- Investopedia has helpful introduction to the concerns about whether or not the current federal methods are able to accurately track inflation.
- A dated but official position of BLS on CPI seems to be "it's mostly accurate, but it could be inaccurate and well, its complicated."
These standard measures seem to have a bias toward a 20th century economy where everyone just consumed manufactured goods, which were produced at lower and lower costs as factories moved to countries with lower wages. The dramatic rise in productivity masked the true inflation that was occurring.
And, and as this thoughtful piece points out, federal inflation measures do not track the cost of funding your retirement.
Healthcare and Inflation
A central chart in PWCs healthcare cost trend analysis for 2022 shows healthcare costs rate of increase is slowing as health companies lean into digital. But inflation fundamentals are still concerning:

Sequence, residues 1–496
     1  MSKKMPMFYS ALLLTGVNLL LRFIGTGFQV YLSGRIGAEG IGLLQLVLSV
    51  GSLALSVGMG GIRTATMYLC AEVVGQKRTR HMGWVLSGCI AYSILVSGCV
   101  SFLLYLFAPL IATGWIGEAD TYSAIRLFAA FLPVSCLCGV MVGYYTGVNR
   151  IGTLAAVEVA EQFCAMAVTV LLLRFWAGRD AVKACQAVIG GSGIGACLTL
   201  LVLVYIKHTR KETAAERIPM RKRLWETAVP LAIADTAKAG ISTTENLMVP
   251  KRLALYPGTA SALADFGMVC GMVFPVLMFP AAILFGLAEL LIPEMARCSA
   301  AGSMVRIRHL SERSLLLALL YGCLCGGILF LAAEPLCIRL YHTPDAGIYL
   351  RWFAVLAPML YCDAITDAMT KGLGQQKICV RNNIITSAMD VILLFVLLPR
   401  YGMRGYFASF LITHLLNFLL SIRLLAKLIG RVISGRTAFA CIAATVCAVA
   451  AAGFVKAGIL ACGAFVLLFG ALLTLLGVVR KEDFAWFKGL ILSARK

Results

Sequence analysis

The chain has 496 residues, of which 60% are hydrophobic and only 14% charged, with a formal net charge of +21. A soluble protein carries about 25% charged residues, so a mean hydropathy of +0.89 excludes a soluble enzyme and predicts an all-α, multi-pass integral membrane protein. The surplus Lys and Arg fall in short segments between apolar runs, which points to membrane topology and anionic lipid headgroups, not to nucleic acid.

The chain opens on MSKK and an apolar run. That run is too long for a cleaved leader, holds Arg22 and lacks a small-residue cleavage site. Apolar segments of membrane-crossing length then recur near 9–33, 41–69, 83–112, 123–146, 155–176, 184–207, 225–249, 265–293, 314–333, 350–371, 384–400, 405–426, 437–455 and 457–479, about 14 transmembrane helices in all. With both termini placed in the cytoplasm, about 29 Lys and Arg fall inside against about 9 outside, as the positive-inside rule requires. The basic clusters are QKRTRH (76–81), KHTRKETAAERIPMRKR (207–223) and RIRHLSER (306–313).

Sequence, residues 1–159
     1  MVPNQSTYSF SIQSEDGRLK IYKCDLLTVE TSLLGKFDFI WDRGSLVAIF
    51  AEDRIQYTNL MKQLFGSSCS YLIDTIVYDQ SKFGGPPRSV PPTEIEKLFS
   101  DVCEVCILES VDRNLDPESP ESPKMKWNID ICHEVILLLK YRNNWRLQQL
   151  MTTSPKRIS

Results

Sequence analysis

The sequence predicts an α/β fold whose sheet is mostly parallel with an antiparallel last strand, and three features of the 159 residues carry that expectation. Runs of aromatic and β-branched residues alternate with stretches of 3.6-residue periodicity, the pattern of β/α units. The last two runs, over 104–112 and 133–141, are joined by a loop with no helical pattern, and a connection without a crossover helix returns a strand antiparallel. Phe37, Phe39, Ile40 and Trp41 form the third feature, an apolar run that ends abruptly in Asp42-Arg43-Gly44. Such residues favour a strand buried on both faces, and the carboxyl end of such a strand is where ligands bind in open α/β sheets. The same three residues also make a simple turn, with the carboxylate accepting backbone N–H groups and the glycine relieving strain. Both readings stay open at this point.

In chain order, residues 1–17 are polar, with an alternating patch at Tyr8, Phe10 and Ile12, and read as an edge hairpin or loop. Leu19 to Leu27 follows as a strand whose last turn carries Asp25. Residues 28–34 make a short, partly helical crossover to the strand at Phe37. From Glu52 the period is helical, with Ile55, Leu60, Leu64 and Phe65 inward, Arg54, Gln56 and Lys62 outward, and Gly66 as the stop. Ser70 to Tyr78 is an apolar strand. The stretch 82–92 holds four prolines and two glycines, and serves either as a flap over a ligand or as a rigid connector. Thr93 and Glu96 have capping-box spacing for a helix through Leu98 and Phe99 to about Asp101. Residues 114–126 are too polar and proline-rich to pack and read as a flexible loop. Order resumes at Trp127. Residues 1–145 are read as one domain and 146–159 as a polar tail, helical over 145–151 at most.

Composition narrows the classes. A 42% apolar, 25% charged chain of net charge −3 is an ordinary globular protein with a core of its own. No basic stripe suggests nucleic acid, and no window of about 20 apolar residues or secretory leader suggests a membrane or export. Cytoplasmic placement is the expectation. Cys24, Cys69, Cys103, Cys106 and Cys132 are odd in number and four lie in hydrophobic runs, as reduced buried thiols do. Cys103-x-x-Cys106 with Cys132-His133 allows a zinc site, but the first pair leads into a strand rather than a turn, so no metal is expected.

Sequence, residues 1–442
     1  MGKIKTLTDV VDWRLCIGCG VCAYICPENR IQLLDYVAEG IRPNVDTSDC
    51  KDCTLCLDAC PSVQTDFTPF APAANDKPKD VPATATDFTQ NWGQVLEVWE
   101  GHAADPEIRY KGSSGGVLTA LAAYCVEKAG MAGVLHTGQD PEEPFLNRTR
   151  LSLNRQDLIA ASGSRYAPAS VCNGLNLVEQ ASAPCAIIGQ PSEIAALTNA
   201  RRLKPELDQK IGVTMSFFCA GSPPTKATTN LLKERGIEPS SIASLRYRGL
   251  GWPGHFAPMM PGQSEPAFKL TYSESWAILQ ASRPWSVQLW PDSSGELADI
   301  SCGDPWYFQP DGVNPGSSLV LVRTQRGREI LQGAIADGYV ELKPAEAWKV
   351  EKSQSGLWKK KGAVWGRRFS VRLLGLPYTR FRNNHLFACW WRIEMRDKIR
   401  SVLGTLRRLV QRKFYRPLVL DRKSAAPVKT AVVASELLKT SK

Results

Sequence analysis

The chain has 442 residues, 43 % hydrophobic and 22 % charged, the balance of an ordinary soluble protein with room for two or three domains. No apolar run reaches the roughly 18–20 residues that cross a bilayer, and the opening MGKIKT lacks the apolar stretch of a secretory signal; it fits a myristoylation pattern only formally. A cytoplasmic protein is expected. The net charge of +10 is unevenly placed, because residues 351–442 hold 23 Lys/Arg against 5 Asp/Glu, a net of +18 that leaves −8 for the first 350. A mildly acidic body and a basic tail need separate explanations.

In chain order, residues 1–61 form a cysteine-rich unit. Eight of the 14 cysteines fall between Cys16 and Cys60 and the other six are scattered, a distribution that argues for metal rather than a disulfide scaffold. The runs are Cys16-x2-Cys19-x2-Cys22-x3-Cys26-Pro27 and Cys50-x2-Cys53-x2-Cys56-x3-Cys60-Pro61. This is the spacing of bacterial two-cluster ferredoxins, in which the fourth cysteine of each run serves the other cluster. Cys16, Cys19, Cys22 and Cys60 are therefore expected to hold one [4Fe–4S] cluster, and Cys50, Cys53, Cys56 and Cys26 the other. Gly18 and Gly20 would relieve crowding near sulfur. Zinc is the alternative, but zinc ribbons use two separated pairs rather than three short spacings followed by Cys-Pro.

- Healthcare costs (as paid by consumers) have outpaced the CPI inflation measure (lot of great charts here, scroll down halfway thru to chart titled "Prices for medical care typically grow faster than inflation").
- Pharmaceutical industry profits continue to be an outlier compared to other industries. As shown below, between 2004-2019 drug spending grew 69%:
- Today 50% of US households carry medical debt, up from 19% in 2017 per Census records.
- Cost of not knowing what to treat: Which condition consumes the most healthcare dollars? Per KFF's excellent Health System Tracker dashboard, the largest allocation of disease treatment spend (14%) goes to "ill-defined conditions".
The inflation concerns highlight the unsustainable approach of the US healthcare's default toward protecting corporate profits by transferring risk and cost to consumers - a bit like trying to keep a leaking blimp airborne by stealing kid's balloons:
- Using moral hazard logic to justify one-sided benefits for companies at the cost of consumers.